Spider-Man 2


posted 11/15/2004 by Charlie Sinhaseni
other articles by Charlie Sinhaseni
One Page Platforms: DS
Nintendo has owned the portable gaming market for the better part of two decades, but a number of interesting challengers have flooded the market in recent years. With the announcement of the Sony PlayStation Portable Nintendo’s crown seemed to be in jeopardy, but few have taken the time to realize that the Tapwave Zodiac and the Nokia N-Gage were also viable contenders to the throne. To respond to the recent influx, Nintendo has decided to answer the call by releasing the DS, a dual-screened portable system with the power to produce 3D graphics. We’re not sure yet, but we’re confident that Nintendo will be keeping its throne, especially when it has heavy hitters like Activision’s Spider-Man 2 in its lineup.

Spider-Man 2 more or less follows the daily life of Spider-Man as he tows the line between super hero and everyday geek. Like the comic, he often is faced with consequential circumstances that will often affect his life. His own selflessness is the very device which damns him to a life of loneliness and darkness; to the point where he consistently puts the good of the city ahead of his own personal needs. I’m not saying that video game elaborates upon all of these themes, but it does a decent job of conveying them to the gamer. The storyline unfolds via a mix of still images, pre-rendered videos and in-game dialogue. From the start the game takes advantage of the dual screen support by placing all of the dialogue in the bottom screen while keeping the action to the top screen.

You’ll be taken through a journey across fourteen chapters as you do battle with the lowlifes that fill the streets of New York, including Doc Ock. Most of the chapters are of the side-scrolling variety where you will need to roam the levels in search of a goal. In an early level you’ll need to enter a burning building and save the tenants from the flames. The following level will require you to take out a group of bank robbers before they can flee the scene of the crime. Most of the levels are of this variety and some will add in a time limit just to make your life a little more difficult. For instance, later on you’ll need to defeat Mysterio’s minions within 10 minutes so that you can meet up with Aunt Mae later on.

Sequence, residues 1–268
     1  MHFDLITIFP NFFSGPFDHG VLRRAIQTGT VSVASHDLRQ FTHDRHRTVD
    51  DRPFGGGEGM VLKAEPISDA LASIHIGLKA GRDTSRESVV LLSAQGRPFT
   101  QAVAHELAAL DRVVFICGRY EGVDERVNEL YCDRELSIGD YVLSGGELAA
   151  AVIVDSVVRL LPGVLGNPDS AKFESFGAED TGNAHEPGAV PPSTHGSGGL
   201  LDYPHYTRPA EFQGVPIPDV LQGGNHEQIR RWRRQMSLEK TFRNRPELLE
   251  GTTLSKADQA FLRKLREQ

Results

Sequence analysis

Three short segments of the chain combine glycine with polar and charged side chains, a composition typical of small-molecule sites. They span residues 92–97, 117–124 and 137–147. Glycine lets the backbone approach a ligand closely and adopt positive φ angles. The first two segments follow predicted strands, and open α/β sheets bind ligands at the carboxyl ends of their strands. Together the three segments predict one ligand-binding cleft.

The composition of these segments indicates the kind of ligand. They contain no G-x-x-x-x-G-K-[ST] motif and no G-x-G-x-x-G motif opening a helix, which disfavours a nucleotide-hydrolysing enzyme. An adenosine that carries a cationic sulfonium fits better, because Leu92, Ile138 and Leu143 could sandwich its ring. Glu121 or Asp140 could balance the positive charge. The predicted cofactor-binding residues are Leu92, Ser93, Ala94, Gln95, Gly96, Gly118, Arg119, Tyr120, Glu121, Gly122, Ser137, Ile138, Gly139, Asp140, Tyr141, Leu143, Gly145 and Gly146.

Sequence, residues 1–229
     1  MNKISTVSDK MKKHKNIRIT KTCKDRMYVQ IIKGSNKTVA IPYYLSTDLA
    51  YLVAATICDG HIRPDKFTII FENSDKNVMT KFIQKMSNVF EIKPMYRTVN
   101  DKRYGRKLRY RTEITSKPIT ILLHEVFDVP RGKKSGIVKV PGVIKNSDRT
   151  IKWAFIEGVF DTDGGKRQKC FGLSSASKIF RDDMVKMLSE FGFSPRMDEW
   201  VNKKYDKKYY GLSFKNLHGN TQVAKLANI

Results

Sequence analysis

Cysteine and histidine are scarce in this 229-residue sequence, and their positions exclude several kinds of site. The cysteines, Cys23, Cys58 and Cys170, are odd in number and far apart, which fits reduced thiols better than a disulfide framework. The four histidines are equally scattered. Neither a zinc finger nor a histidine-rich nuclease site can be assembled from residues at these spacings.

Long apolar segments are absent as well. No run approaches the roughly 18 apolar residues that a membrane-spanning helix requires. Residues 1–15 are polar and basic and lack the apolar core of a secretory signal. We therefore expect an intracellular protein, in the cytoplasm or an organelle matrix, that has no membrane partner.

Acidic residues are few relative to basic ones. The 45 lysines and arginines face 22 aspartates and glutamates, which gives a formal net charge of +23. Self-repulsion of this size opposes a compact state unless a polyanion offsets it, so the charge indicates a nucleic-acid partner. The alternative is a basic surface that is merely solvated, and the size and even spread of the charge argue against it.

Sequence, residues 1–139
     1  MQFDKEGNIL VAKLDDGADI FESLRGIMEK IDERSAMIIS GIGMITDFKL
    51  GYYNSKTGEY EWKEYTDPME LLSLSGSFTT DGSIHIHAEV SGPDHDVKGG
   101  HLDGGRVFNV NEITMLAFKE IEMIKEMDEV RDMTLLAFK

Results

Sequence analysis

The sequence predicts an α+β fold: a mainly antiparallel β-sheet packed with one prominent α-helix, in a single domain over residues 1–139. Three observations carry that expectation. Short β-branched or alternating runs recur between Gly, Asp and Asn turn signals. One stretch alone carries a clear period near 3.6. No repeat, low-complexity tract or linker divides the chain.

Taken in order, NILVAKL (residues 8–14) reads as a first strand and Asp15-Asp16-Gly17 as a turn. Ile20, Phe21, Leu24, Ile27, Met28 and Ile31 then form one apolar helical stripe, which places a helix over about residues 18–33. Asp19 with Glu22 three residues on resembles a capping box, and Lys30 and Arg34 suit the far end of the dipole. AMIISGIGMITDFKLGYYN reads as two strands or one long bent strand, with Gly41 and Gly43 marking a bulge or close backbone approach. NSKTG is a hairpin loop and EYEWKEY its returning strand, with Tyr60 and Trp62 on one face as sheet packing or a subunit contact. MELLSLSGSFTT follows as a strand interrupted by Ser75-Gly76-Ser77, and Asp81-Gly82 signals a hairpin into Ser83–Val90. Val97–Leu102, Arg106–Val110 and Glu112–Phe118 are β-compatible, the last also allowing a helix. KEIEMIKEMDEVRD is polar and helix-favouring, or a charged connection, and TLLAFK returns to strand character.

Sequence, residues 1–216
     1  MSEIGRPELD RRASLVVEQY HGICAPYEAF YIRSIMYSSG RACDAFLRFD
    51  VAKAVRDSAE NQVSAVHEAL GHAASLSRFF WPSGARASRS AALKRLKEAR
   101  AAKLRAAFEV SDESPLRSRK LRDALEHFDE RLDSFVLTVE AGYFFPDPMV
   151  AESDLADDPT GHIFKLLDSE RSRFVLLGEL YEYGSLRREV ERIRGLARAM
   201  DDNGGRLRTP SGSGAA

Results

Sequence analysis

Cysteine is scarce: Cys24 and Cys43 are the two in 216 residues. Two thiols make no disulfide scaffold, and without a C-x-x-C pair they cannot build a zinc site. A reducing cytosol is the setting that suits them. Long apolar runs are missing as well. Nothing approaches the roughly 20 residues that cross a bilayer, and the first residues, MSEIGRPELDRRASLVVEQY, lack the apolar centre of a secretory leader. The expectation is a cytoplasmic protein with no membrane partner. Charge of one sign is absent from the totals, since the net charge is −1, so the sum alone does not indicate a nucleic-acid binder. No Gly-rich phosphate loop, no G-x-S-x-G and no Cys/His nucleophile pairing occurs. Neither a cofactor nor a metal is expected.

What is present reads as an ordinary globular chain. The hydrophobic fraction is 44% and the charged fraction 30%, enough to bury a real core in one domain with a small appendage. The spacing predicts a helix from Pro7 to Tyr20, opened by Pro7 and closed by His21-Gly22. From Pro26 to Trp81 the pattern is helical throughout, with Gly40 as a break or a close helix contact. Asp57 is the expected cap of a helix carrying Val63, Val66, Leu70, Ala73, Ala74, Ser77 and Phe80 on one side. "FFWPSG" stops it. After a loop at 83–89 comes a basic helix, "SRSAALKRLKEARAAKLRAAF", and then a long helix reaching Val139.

As if the minions weren’t hard enough, you’ll have that countdown timer breathing down the back of your neck. And trust us, this game is hard. Not Contra hard, but hard enough to cause you to sprout a few grey hairs. You never really get mad at the game though because the difficulty is derived on how well you play platformers on a small handheld. I wasn’t accustomed to all that was going on and I paid for by getting my ass handed to me over and over on a consistent basis. My girlfriend fared a lot better but she ran into a stumbling block on the Mysterio battle. In all it should really provide a good challenge to you, no matter what skill level you are. I can’t say for certain how long the game is, but I spent the better part of two hours completing four levels from different parts of the game. If I’d have to make an estimate I’d say that it’s at least in the six-to-eight hour range. If you’re looking to accomplish the full scope of the game and gain a 100% completion rate it’ll take about 10 hours. That’s extremely long for a handheld platformer, considering that you can beat most of them within two hours.

This isn’t to say that the game is perfect; the mission structure is flawed and can become problematic at times. Each level allows you to roam freely instead of sticking you to a confined path; this would be nice had the game not require you to hunt each and every single individual enemy in order to advance. I had a point-by-point reviewer’s guide that told me the location of each enemy and I still ran into trouble on occasion. It’s kind of like going on an Easter Egg hunt, except the eggs fight back and are more than capable of scrambling your brains. Don’t get me wrong, it doesn’t derail the game but it definitely is the source of the game’s problems. What this does is it forces you to replay each level over and over until you can memorize it from front to back. I wish that the game would have allowed me to progress on the basis of my own aptitude as opposed to my ability to memorize the levels.
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